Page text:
Hero

November 11th, 2004 Film, Film Reviews, Xpress

Director: Yimou Zhang

Cast: Jet Li, Tony Leung Chiu Wai, Maggie Cheung, Zhang Ziyi, Daoming Chen, Donnie Yen.

We’ve been seeing the trailer for Hero for ages now — it was circulating the Internet almost a year ago. The most expensive movie ever made in its native China in 2002, it struggled for a long time to find a distributor in the English-speaking world.

Looking as it did like Crouching Tiger, Hidden Dragon, it’s amazing it took so long to reach us. But it did, thanks to a bit of Hollywood wheeling and dealing by the world’s most famous fanboy, who gets a ‘Presented by’ credit above the title.

It doesn’t mean he had anything to do with the production — it was probably in the can before he was even aware of it. But when you’re a bigwig in Tinseltown, calling your pal Harvey Weinstein at Miramax and saying ‘You have to buy this movie’ is enough to get your name on it (and if you’re Quentin Tarantino, you can get your name on virtually anything you want).

The trailer — which had sword fights, acrobatic feats straight out of the Crouching Tiger fantasy world and lavish staging aplenty — had most moviegoers giddy with excitement. It looked like it was going to be the action film event of the year. It was filled with a brooding menace, the promise of an explosion of martial arts and swordplay action, tinged with wire-work fantasy midway between Ang Lee and Jackie Chan (ironically, Chan was offered the part of the king of Qin province).

The qualities the trailer contained are all highly visible in Hero; it’s a filmmaker’s film. Every scene is like a work of art expressed in colour and movement. Relying heavily on primary colours for all the sets and costumes, director Zhang certainly brings us the most visually striking film of 2004 so far.

The sets are both sparse and grand and the visuals edge on magical at times. When Broken Sword battles the King of Qin amongst a forest of billowing green silk, you realise you’re watching something made by a pioneer of motion picture design. Each episode or scene is like a different colour palette, all of them arresting and all of them beautiful.

And the whole thing moves with the quality of a beautiful poem rather than a chop socky action film. In fact, you get the feeling Zhang was interpreting an ancient Chinese mythic poem akin to Homer’s The Iliad just the way he read it instead of just trying to extract the battles and rippling muscles that would appeal to modern audiences like Troy did.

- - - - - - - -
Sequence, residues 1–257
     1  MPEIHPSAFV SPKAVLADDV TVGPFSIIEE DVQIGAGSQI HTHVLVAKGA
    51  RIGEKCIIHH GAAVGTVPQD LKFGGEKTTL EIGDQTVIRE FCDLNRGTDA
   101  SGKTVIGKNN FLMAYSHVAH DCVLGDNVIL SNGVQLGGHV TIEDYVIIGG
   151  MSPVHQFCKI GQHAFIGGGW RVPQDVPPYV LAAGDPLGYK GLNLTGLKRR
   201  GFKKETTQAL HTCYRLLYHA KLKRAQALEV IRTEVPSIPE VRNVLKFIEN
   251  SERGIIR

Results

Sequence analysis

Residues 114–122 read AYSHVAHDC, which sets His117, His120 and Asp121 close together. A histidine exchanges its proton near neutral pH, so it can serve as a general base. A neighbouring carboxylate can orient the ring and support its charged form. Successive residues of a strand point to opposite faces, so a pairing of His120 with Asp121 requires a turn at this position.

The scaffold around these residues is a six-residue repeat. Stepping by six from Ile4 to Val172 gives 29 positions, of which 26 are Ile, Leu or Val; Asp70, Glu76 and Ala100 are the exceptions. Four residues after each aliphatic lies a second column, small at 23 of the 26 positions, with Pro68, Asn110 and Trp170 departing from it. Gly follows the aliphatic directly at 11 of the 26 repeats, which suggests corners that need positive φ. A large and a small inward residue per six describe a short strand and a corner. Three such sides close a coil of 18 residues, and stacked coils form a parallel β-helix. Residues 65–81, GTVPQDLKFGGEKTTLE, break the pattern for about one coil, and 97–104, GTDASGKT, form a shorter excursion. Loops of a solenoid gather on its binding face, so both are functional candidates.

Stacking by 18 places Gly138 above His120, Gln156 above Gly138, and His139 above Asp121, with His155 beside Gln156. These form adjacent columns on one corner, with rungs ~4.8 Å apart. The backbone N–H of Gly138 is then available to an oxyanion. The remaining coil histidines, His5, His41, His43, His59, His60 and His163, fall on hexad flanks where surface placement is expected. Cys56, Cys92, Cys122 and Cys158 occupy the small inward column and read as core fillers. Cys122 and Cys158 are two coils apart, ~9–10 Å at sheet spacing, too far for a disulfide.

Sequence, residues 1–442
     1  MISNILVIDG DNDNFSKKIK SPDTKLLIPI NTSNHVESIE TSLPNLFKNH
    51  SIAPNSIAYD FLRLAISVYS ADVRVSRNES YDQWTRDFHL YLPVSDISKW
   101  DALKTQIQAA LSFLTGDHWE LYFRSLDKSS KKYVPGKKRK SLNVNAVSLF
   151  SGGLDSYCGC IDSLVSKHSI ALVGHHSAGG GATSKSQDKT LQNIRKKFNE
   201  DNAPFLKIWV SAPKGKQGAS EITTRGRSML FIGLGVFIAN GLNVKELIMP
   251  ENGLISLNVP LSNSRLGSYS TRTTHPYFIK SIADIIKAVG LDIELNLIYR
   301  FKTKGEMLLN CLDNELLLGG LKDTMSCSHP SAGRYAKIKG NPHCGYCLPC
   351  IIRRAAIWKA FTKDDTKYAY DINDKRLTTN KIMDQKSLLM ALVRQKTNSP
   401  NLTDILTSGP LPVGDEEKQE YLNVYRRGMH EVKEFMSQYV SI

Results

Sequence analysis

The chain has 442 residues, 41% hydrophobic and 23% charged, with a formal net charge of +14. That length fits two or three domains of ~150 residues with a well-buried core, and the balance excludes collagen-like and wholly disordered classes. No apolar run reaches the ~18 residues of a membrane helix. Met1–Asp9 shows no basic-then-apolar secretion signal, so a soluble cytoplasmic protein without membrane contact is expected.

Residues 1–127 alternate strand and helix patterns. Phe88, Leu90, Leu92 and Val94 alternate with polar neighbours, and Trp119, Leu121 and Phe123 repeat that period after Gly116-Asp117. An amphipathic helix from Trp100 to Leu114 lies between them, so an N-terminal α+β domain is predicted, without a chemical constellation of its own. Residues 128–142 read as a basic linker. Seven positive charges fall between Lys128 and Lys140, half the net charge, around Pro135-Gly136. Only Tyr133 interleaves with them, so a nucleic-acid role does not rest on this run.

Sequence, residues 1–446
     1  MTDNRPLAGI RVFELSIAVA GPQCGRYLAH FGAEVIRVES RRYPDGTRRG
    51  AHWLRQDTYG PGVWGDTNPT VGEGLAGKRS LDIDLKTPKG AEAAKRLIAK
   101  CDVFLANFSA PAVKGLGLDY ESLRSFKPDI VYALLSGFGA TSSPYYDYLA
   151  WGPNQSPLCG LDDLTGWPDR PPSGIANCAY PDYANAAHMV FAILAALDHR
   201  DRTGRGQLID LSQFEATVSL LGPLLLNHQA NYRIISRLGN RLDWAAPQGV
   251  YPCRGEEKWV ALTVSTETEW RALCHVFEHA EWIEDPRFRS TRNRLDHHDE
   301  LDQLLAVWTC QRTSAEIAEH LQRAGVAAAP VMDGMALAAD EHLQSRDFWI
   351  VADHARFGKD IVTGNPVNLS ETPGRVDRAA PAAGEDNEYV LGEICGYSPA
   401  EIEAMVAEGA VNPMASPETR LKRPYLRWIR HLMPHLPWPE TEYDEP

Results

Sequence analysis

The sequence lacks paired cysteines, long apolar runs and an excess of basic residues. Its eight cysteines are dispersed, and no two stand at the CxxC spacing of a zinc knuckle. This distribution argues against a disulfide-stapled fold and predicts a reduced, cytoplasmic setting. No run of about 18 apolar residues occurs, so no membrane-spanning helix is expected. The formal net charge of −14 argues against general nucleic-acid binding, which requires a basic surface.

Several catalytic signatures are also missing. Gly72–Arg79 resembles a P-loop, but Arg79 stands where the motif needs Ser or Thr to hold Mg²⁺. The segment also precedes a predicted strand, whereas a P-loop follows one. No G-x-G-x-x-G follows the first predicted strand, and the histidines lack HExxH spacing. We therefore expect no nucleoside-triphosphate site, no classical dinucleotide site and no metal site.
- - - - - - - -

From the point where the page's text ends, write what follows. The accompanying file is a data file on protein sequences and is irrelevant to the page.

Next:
Scenes like the hero, Nameless (Li) walking down the steps of the palace surrounded by black and red-clad guards all pointing spears at him seem to be an exercise in the artistic use of colour contrast as much as part of the story.

So it’s beautiful, but is it entertaining? The jury’s out and will probably never come back in; as many people will hate it as those who love it (as has already happened in the US).

One of two things most likely happened; Zhang had no intention of making an action movie, but Miramax knew that by slapping Tarantino’s name on it, every young man who can quote the execution scene at the beginning of Pulp Fiction would be queueing up for miles. Or maybe he just forgot to put any action in it.

Crouching Tiger was just as beautiful to watch, but it still knew people love watching martial artists kick the shit out of each other. Despite the fight scenes, Hero just doesn’t seem to contain any action based in the sort of violence we see action films for. It’s more like watching ballet.

The story picks up the arrival of a nameless hero (whose name, somewhat ridiculously, is thereafter ‘Nameless’) who comes to the court of the King of Qin to report on his neutralising three master assasins from a neighbouring province who planned to kill the king and stop his plan of conquest/unification.

In flashback, he tells how he fought the enigmatic Sky and turned the just as mysterious Snow and Broken Sword against each other because of their feeling for each other.

The king isn’t convinced, accuses Nameless of being the fourth as-yet unidentified killer, and we see the truth unfold through further flashbacks that involve all the players, their relationships and their fates.

Watching the film in its native tongue gives it an incalculable boost — just as Crouching Tiger or Passion of the Christ benefited from taking the same tack instead of joining less credible movies where the heroes and villains run around Sherwood Forest, ancient Greece, Roman, pre-Anglo Saxon England or a Russian submarine with American accents.

And just as The Terminator was perfect for Arnold Schwarzenegger because it called on his to act like a robot, so Jet Li’s extremely limited range of expression and emotion suits the calm and calculating Nameless down to the ground.

An auspicious arrival onto the world stage for big budget Chinese cinema, it just needed something more.


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